The Nissan electric car is for now the Nissan Leaf. The Leaf is in pre-production at the present time. The car has been making the rounds for several years now to almost universal positive reviews. LEAF is an acronym for Leading, Environmentally Friendly, Affordable, Family Car.
Nissan has recognized the problems of past electric champions like the ill-fated GM EV1. The EV1 was largely manufactured to meet the requirements of the California zero emissions mandate. The mandate was repealed in 2003 with the help of major auto manufacturers, and the EV1 was literally crushed. Ford recalled its Th!nk cars at the same time, and Toyota was sued for use of so-called proprietary battery technology in its electric cars of about the same vintage. Coincidentally, Chevron Oil Company was involved. Production of the Toyota RAV4 EV (still in demand today) was stopped. The electric car movement pulled off the road.
Nissan has been making cars since 1918. The company is not as traditionally as big as Toyota and GM, but is a major Japanese auto manufacturer with a global Leading presence. More recently the company has merged with French automaker Renault. As such, the companies have undertaken a number of projects aimed at producing cars, information for those cars, and the infrastructure to support electric cars.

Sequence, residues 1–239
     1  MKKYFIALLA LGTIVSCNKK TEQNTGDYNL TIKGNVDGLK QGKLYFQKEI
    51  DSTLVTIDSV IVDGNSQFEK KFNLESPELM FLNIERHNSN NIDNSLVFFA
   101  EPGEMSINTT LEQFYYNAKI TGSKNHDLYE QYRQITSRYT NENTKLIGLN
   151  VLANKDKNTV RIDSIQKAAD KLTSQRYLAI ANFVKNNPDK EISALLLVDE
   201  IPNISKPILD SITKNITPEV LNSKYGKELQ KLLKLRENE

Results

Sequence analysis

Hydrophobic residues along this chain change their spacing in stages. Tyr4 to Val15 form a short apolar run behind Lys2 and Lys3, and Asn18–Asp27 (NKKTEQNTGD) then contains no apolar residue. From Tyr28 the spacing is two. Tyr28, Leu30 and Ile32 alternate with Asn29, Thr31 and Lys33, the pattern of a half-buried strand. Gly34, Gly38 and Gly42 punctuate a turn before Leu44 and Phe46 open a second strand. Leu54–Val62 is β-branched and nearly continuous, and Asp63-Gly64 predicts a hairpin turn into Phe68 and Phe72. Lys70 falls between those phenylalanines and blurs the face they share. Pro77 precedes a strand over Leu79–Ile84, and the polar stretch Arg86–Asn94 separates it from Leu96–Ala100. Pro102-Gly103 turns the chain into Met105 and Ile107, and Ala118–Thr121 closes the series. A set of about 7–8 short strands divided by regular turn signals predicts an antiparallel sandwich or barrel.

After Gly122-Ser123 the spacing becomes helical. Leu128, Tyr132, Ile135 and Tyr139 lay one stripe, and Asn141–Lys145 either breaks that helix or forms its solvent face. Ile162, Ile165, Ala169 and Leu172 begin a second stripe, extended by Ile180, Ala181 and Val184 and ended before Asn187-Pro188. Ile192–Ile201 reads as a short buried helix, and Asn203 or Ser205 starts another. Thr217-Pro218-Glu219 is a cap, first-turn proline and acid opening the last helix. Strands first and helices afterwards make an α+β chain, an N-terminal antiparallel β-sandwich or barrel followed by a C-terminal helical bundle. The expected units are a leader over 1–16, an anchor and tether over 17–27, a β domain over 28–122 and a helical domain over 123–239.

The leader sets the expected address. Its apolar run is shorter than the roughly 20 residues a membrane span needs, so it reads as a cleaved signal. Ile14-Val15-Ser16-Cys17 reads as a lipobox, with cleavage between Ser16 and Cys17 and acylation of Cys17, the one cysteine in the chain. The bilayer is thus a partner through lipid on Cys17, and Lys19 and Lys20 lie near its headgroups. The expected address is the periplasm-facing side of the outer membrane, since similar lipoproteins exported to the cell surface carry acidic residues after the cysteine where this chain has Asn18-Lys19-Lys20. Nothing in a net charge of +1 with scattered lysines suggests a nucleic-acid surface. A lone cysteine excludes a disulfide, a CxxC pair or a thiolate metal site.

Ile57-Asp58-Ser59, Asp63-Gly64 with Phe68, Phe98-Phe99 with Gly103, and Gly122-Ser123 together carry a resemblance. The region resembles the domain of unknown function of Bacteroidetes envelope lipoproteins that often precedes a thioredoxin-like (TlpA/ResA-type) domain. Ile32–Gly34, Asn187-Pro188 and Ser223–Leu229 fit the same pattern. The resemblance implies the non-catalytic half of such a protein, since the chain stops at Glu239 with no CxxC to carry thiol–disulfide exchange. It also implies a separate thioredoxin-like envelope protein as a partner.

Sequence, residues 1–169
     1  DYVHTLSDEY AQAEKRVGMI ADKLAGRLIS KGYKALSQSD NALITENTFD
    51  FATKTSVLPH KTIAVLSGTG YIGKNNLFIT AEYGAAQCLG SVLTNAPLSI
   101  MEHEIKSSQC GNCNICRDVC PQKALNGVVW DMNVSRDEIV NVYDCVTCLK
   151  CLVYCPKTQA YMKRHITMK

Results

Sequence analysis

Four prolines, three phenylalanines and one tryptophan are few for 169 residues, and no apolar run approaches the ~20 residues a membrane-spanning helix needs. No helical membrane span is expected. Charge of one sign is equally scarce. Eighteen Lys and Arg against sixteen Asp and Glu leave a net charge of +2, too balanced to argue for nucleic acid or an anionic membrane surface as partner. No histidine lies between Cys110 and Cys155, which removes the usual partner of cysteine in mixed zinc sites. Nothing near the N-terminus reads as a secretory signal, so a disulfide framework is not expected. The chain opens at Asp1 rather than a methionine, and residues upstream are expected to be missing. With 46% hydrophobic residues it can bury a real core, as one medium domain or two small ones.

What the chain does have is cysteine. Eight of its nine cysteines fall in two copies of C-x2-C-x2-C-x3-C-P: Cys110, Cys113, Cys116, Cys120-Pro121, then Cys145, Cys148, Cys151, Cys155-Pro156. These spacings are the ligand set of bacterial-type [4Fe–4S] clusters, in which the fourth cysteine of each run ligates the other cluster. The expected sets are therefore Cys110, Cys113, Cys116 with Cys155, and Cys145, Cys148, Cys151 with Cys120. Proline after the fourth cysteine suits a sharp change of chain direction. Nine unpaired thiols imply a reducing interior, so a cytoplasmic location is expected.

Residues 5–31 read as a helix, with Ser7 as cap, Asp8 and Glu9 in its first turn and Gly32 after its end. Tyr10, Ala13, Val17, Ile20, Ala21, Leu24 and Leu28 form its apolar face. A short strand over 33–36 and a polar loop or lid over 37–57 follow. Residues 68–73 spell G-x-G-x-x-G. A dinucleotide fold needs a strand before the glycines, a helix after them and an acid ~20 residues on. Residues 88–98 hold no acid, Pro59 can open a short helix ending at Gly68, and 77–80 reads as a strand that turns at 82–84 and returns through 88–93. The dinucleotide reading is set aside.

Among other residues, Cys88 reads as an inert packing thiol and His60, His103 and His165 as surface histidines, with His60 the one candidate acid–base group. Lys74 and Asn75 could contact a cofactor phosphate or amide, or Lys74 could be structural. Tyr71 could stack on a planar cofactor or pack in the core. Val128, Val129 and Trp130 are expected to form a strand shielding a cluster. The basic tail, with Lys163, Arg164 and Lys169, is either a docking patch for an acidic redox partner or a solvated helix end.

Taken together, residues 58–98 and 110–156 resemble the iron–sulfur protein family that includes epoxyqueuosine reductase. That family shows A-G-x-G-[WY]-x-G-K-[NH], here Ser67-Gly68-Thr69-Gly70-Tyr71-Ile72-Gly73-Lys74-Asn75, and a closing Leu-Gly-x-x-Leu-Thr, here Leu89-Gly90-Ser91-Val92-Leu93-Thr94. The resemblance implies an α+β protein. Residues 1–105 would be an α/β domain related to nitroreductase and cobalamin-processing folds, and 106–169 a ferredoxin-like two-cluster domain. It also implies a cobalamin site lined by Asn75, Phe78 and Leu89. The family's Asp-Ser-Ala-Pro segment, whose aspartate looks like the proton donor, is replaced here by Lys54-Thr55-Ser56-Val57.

The companies are working on battery switching technology along with the US company better place. Several governments are supporting the technology in large scale field trials. Israel with inter-city distances well within the range of the Leaf and charging stations at strategic locations makes an excellent test site for electric cars in general. Successful trials will help plant EV technology elsewhere.
Specifications for the Leaf:
Range – 100miles/160km average
Top Speed – 90mph/145kph
Electric Motor – 80kW/107hp
Energy Storage – 24kWh – around 3 quarts/Liters Gasoline equivalent
Empty Weight – 3400lbs/1545kg
Wt/HP – 32lbs/1hp
Battery Pack Wt – 480lbs/418kg
Charge at home 220V – 8 hours
80% quick charge at Nissan/3-phase charger – 30 minutes
As for sales, Nissan plans to produce 50,000 Leafs (leaves?) in 2011, with an eventual worldwide target of 200,000 annually. People can pay $99 USD to reserve a Leaf now. So far, people are reserving cars at a respectable pace. Hopefully the target production run will be met. About 20,000 orders have been placed as of the end of May, 2010.
Price estimates for the Leaf run from $33,000 – $40,000 USD. The actual sticker prices will be known when the first cars hit the showrooms by 2011.
Go Nissan Leaf!